2. Create meaningful product titles

Have you ever seen those keyword-stuffed product titles that bend your brain just from trying to read them?

Hardly any punctuation or syntax in this product listing title makes it hard to read.

We learn about spelling, punctuation, and syntax from a young age for a reason. Words clear the path for easy communication, and good communication sells.

Make sure your product title gives the reader a wealth of information — the brand name, model number, product description, and colors or sizes offered, for example.

These identifiers will also make sure that when a potential customer runs a search on eBay, Cassini delivers a list of relevant matches — your listing included (hopefully near the top).

Instead of just keyword-stuffing this listing, the text tells you the brand, model number and name, size, type of bag, and colors. Potential buyers know exactly what they’re getting.

One trick to making sure you get your listing right is to search for items similar to the ones you’re selling. If it’s selling well and has lots of attention, copy and paste that listing title. Then plug your own product information into it.

Don’t plagiarize, but use a winning format as a guide. And never, ever stuff keywords into the title — especially not keywords that have nothing to do with your product! If you take anything away from this eBay listing optimization guide, let it be that.

For example, this Coach seller could have stuffed ‘Gucci’ and ‘Prada’ into the crossbody bag listing featured above just to get more hits. But when people who actually searched Gucci and Prada get Coach, they won’t be happy. They’ll bounce, hurt your conversion rate, and over time, your rank will suffer.

Just include the long-tail keyword that best defines your product. This is useful to the customer and it’s useful to you because people who search that keyword will be looking for exactly what you’re selling.

You can use a tool like Google Keyword Planner or Terapeak to help you find the right keywords for your eBay listing optimization efforts.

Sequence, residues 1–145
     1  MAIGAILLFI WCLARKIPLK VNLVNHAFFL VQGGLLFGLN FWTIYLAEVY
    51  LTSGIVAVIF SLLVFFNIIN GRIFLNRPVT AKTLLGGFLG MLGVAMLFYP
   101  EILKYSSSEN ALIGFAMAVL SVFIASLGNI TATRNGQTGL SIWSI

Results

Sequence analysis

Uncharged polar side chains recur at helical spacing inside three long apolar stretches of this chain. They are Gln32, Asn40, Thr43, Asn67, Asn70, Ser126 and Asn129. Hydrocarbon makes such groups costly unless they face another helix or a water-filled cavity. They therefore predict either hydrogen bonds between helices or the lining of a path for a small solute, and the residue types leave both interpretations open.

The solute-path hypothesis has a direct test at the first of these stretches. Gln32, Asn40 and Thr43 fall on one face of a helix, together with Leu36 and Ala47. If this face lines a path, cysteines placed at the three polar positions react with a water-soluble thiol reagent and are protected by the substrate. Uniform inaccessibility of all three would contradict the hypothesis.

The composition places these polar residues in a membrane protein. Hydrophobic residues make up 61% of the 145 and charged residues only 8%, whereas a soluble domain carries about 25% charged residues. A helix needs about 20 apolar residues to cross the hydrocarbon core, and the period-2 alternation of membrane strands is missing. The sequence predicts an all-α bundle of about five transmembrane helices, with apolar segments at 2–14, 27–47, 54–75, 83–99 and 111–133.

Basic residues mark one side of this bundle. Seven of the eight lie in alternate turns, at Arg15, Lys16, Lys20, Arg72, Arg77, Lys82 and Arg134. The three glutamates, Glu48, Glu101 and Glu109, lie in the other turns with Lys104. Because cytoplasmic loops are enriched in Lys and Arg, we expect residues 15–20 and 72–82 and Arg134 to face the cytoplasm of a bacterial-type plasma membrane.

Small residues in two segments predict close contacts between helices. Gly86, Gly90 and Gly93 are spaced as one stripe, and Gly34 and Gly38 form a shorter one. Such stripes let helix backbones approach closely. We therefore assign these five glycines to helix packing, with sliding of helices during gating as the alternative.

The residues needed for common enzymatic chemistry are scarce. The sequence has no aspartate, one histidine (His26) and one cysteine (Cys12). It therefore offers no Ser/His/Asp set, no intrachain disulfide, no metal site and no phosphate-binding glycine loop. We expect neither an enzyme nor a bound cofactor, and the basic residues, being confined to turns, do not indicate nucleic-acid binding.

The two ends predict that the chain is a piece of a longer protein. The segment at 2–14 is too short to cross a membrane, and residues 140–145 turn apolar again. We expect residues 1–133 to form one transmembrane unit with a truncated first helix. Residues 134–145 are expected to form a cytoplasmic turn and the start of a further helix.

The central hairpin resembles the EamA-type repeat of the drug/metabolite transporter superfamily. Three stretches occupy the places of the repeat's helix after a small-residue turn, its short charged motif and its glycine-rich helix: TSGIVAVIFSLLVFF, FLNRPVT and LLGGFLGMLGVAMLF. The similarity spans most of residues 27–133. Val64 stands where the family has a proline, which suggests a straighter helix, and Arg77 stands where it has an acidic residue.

After you’ve come up with a product listing title, test it on PickFu with an audience of people who might be interested in the product. They’ll tell you if the title is clear and meaningful — and how you might fix it if it’s not.

Get feedback on your eBay listing with PickFu — sign up for free.

3. Craft customer-centered product descriptions

After getting pulled in by your photos and product listing title, your target audience will want to read a product description that does one thing above all else: make it clear what the product does for them.

A fantastic example? This eBay listing for a refurbished Cuisinart coffee maker.

The intro sentence tells you exactly what the item is — “a fully automatic 12 cup coffeemaker on one side and a single-serve brewer on the other.”

But the next sentence makes it all about the buyer: “Sipping solo or serving a crowd, it’s easy to enjoy the gourmet taste you expect from a Cuisinart coffeemaker.”

The sentence tells you how simple it is to enjoy high-quality coffee whenever and however you want.

Then, you get easy-to-digest details about both the single-serve side and the carafe-brewer side of the coffeemaker.

Even then, the information is customer-oriented, with statements like “easy-view water window” that take the user’s experience into account instead of a product-oriented feature like “clear water window.”

Aim for customer-oriented language whenever you can in your own listing descriptions.

One of the best things you can do is create two versions of your product description and split-test it like this PickFu user did.

The winning product description keeps customer satisfaction in mind instead of focusing on how crappy other companies are.

Or, you can link to your eBay listing once it’s live and ask PickFu respondents to tell you what’s missing from the product description.

Ask things like, “How can I make this product description more user-oriented?” or “Does this product description make you want to buy?”

Pay careful attention to the feedback and apply the advice in your description.

And don’t forget to make your product listing easy to read on a mobile device. 61% of eBay sales take place via a mobile phone, so no large, long chunks of text belong in your product description.

As with the Cuisinart coffeemaker listing, use bullet points to craft an organized product description. And use bold styling in relevant spots to alert both potential buyers and search engine Cassini that something is important or noteworthy.